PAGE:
As the executive directors of the leading statewide affordable housing advocacy organization and a local provider of affordable housing services, we were thrilled to see Congress provide a 10 percent increase in fiscal year 2018 and 2019 funding for programs that address the affordable housing crisis. This crisis has prevented families from achieving greater economic stability in our communities.  

In metropolitan Boston, throughout Massachusetts and across the nation, far too many families – including lowincome seniors, people with disabilities, veterans and families with children – struggle to keep roofs over their heads and experience homelessness. More families are renting than ever before, and our nation’s investments in affordable housing have not kept pace with the need. As a result, rents are increasing for people across all income levels, impacting people with the lowest incomes the hardest. 

Despite the growing need, three out of every four families in need of housing assistance are turned away due to a lack of funding. Because “the rent eats first,” as sociologist and author of Evicted Matthew Desmond said, these families are forced to make harmful tradeoffs and too often forgo groceries, medical care and other basic needs in order to make rent every month. Every state and congressional district is directly impacted.  

Trump’s Budget Threatens Housing Investments 

While the commonwealth of Massachusetts has led the way on dedicating resources to affordable housing and homelessness prevention, and while many cities and towns have taken significansteps to address the housing challenges in their communitiesstate and local government cannot address this crisis without our federal partner. 

Threats to affordable housing investments at the federal level remain, even with the significant increase in funding advocates secured last year. On June 4, the House of Representatives’ Committee on Appropriations passed its fiscal 2020 spending bill that provides Department of Housing and Urban Development programs with more than $13.4 billion above the president’s fiscal 2020 request and at least $5.9 billion above FY19 enacted levels. The House bill clearly sends a message that the president’s budget is not sufficient to address the affordable housing crisis and champions budget increases that will fund our community at the scale necessary.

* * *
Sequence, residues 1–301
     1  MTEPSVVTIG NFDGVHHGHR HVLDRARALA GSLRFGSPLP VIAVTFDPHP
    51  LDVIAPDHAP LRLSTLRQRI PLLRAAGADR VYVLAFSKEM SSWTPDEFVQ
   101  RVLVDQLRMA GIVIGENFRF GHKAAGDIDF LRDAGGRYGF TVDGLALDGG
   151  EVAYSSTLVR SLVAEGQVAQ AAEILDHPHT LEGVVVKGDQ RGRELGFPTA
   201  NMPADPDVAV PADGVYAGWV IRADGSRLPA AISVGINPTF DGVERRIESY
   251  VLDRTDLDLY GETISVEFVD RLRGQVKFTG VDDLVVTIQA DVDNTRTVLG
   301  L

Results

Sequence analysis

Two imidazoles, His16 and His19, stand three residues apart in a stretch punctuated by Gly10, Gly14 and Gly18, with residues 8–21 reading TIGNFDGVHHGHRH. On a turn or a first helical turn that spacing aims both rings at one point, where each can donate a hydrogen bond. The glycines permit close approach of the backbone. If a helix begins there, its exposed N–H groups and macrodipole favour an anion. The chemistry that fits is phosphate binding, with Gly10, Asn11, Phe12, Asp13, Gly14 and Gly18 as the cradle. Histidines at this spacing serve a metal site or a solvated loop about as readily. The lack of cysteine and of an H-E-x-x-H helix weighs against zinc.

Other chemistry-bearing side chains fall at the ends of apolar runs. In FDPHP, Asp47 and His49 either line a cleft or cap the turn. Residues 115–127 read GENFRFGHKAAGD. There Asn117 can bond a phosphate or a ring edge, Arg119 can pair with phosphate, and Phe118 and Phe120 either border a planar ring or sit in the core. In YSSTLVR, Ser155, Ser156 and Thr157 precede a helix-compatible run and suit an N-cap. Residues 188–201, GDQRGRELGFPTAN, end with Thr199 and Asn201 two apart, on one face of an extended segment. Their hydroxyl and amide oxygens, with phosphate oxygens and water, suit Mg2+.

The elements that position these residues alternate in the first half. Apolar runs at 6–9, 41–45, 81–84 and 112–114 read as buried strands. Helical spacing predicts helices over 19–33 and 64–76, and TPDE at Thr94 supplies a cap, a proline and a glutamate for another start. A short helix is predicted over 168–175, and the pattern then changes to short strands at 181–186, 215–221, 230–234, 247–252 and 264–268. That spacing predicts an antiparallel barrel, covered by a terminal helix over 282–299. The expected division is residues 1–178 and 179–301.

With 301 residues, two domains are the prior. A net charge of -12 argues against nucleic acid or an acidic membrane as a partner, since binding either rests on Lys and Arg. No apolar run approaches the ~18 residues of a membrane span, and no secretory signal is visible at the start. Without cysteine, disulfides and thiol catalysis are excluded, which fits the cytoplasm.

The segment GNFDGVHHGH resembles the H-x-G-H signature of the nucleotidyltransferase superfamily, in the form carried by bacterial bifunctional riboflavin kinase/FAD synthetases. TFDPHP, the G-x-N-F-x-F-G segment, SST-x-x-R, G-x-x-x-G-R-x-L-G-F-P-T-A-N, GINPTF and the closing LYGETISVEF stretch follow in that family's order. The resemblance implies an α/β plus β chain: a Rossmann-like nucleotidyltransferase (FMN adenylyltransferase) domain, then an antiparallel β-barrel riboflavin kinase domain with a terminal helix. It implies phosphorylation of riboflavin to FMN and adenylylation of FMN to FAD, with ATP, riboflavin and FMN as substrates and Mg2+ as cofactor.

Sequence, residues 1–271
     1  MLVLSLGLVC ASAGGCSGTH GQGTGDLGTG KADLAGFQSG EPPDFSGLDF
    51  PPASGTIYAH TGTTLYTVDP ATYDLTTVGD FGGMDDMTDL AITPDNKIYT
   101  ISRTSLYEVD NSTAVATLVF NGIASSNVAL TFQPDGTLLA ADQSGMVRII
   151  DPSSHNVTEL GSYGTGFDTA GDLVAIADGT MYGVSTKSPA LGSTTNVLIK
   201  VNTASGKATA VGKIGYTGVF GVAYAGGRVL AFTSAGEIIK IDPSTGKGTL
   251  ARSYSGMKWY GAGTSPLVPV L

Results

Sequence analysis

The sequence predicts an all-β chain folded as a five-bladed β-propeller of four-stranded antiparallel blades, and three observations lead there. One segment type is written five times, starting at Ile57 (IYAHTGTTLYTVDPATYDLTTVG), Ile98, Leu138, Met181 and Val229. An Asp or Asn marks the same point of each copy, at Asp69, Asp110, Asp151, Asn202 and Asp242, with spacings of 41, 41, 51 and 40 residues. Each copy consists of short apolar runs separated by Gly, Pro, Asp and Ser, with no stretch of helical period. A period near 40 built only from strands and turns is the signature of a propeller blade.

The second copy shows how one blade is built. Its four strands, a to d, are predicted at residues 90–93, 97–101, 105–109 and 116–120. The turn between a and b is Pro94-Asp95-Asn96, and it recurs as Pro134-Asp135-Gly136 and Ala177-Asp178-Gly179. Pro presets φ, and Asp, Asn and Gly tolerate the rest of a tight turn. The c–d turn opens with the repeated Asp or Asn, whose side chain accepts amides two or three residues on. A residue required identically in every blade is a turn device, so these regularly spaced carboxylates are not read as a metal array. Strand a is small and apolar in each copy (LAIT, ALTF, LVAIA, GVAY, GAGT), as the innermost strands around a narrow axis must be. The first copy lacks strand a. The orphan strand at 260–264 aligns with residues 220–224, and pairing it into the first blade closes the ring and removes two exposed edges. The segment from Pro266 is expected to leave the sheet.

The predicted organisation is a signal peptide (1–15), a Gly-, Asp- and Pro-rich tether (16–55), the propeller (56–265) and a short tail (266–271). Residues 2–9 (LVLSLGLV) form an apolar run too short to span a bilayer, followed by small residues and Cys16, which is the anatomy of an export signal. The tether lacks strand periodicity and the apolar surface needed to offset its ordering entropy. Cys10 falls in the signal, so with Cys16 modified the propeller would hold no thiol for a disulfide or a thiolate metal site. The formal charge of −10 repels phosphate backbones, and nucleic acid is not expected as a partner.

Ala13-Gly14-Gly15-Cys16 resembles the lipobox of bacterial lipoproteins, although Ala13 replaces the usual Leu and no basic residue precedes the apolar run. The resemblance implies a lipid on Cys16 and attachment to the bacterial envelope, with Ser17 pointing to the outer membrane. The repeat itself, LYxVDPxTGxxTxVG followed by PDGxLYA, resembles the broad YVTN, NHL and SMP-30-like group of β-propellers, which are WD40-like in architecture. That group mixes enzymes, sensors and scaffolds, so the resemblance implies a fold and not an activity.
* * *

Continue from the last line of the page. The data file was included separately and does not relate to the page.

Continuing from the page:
In addition, the president has proposed harmful policies, such as prohibiting “mixed-status” immigrant families from living in public and other subsidized housing. This rule would put tens of thousands of people, including children, at an increased risk of homelessness. Slashing funding and instituting harmful rules is the wrong approach.  

Rachel Heller

We need to continue to make a bold and sustained commitment to ensure that everyone has a safe, accessible and affordable home.  

When we invest in affordable homes, we invest in people, our communities, and America as a whole – from increased employment and economic mobility to improved health and better education.  

Thousands of affordable homes across the state are built leveraging federal programs such as the Low Income Housing Tax Credits and the HOME program. Thousands more families receive help finding safe and affordable homes from Metro Housing and our partner organizations through the Housing Choice Voucher Programknown as Section 8. 

 And thousands of families have stable homes through public housing. These programs, and many more federal investments in affordable housing, improve the lives of tens of thousands of Massachusetts residents each year.  

Christopher Norris

Advocates, elected officials and concerned citizens joined together to participate in the Our Homes, Our Voices National Housing Week of Action last week to bring more attention to the affordable housing crisis. We firmly believe that all people deserve a place to call home, and no one should be forced to give up food and basic healthcare to keep a roof over their heads.  

Federal lawmakers should not only reject President Trump’s call to slash affordable housing investments but continue to expand these investments. 

Rachel Heller is CEO of the Citizens’ Housing and Planning Association. Christopher Norris is executive director of MetroHousing|Boston. 

Trump’s Proposal to Cut $11B from Housing Funds Is Wrong-Headed

by Banker & Tradesman time to read: 3 min